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Southwestern Cellphone Dancers

Acrylic on Masonite, 10" x 16"

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Artist's Statement

   I call my painting “Sophisticated Primitive.” It is “sophisticated” because of its subject matter and message and “primitive” because my technique usually involves a raw and direct approach, using bold lines and primary color palettes. I am a self-taught, figurative and expressionist artist, working prima​rily in acrylic. For subject matter, I draw from the imagination, dreams, jokes, family history, current or ancient events, famous people and paintings. Titles and narratives play a large part in my work – as do the use of humor, parody, and allusion.

  My earliest influence was my father who was a florist by trade and an avid fisherman and storyteller. He shared with me his deep appreciation of artists, writers, and Native American history. My first introduction to art was in the Catholic church where, as a child, I was awe-stricken with its iconography and rituals. In elementary and high school, I saved myself from bullies with my sense of humor via stories and drawings, usually mocking unsuspecting teachers. A creative writing teacher in high school encouraged me to pursue my writing and art in more serious settings. At the local junior college, I majored in English and took the only formal art class I have had.

  The music of Bob Dylan and John Lennon inspired me to think, relate, wonder, and feel, as have many of the master artists: Chagall, Kahlo, Modigliani, Picasso, Rosseau, Van Gogh, and Warhol, to name a few. I have also admired the work of New Mexico artist, David Bradley, and the anonymous painters of the Yugoslavian Primitive School. As many artists have done throughout time, I learned to paint by doing it and by emulating the masters but in my own style with twists and variations to express myself.

  I often refer to my Polish ancestry in my artwork. One of my longest running series, “Selling My Own Grandmother,” features one of my Polish grandmothers, Anna Andryc. She serves as an archetype, the Baba Yaga in world cultures, a symbol of the strength, inherent power, and imagination of the Immigrant–American experience. I was fortunate to have a solo exhibition by that title at the American Center for Polish Culture in Washington, DC, in 1997. Her adventures – and misadventures – continue to touch upon the best and worst in the human condition. I am hopeful that her antics will bring joy and healing to a world seemingly gone awry.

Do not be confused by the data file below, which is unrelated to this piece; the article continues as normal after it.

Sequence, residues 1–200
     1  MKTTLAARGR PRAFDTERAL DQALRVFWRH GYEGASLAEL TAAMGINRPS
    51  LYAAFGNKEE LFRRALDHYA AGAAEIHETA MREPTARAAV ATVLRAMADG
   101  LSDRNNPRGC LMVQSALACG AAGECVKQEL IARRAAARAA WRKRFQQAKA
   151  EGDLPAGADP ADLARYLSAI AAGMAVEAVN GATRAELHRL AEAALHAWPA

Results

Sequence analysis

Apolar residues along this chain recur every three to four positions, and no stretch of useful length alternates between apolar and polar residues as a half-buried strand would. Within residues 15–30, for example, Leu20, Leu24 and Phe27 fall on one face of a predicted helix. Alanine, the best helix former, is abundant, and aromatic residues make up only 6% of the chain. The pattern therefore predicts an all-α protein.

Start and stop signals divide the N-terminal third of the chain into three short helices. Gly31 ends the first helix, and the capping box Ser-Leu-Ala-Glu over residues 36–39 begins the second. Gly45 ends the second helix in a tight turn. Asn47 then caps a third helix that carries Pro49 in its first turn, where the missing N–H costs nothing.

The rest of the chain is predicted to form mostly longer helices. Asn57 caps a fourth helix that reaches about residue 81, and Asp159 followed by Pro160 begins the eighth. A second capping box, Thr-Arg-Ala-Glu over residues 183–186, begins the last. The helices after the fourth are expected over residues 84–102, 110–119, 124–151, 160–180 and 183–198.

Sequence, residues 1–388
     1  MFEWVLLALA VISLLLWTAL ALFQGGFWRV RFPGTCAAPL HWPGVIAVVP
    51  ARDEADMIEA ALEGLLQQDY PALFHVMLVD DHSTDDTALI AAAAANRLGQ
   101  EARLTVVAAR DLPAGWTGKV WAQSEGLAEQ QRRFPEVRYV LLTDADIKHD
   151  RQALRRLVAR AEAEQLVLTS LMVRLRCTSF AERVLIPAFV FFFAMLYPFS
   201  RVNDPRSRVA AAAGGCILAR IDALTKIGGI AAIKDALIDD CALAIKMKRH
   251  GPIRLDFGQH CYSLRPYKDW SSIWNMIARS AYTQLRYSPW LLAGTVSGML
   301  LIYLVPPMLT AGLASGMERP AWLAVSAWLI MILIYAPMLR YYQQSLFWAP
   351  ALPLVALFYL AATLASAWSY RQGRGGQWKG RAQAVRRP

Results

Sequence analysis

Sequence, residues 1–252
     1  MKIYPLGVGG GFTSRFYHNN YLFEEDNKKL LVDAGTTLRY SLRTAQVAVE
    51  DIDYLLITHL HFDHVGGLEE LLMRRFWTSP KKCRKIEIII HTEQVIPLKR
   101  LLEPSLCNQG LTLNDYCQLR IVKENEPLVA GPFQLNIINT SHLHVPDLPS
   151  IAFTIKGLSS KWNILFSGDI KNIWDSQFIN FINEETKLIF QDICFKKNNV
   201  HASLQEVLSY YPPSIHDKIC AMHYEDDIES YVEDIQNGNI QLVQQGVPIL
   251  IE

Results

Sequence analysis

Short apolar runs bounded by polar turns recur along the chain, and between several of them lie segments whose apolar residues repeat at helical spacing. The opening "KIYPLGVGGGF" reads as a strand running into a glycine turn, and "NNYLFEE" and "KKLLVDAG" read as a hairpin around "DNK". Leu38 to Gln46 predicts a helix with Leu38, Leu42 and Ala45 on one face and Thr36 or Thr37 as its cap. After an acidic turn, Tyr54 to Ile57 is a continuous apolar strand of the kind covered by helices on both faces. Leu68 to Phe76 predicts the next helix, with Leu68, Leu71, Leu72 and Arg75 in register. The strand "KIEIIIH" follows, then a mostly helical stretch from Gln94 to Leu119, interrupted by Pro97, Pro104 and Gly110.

Artist's Statement

     I call my work “Sophisticated Primitive” – “sophisticated” because of its subject matter and message – and “primitive” because my technique sometimes  involves a raw and direct approach.  I am a self-taught, figurative and expressionist artist.  Titles and narratives are of utmost importance to me and play a large part in my work – as do the use of humor, parody, and allusion.  For subject matter, I draw from the imagination, dreams, jokes, family history, current or ancient events, famous people and paintings – it is all grist for the mill.

      I often refer to my Polish ancestry in my artwork. One of my longest running series, Selling My Own Grandmother, incorporates my Polish grandmother, Anna Andryc.  These paintings were featured in a solo show at the American Center for Polish Culture in Washington, DC, in 1997.  Most recently, a dozen newer images in this series were shown in a solo PORTAL exhibit in 2018 at the Fuller Lodge Art Center in Los Alamos, NM.

     My grandmother serves as an archetype, the Baba Yaga in world cultures, as a symbol of the brute strength, inherent power, and imagination of the Immigrant–American experience. My grandmother’s spirit often saves me (and the world) with her cautionary tales and sage advice. On the other hand, she is sometimes a harbinger of the darker side of human nature. Her adventures – and misadventures – are not merely my own but touch upon the best and worst in the human condition. I am hopeful that her antics will bring joy and healing to a world seemingly gone wrong.

     In some of my paintings, I pay tribute to various artists and even rework their offerings to convey new meanings.  Usually, my goal is to inject some much-needed levity into an art world that oftentimes takes itself far too seriously. However, I try to do this lovingly and I don’t even spare myself as one of the subjects. Series such as: Final Masterpieces of Picasso, the Lesser (The Blue Period Re-painted); Not by Marc (Chagall); Scavenging from Rouault - are only a few examples of how I have altered – and learned from by parodying – some of the world’s most famous artworks.

     Modern artists from the Impressionists to the Cubists to the Neo-Expressionists have influenced me.  Some of my very favorite artists are: Chagall, Picasso, Gauguin, Van Gogh, Modigliani, and Henri Rousseau. In addition, I especially admire the painters of the Yugoslavian Primitive School; others are too numerous to mention.

     In the end, not all of my paintings  contain some heavy message or meaning – hidden or not.  Some of them are just for joy and I had fun painting them, too.  Be whatever as it may, my hope is that people enjoy my work, make art a vital part of their lives, and that I am able to continue doing what I believe I was born to do.

- Michael Andryc

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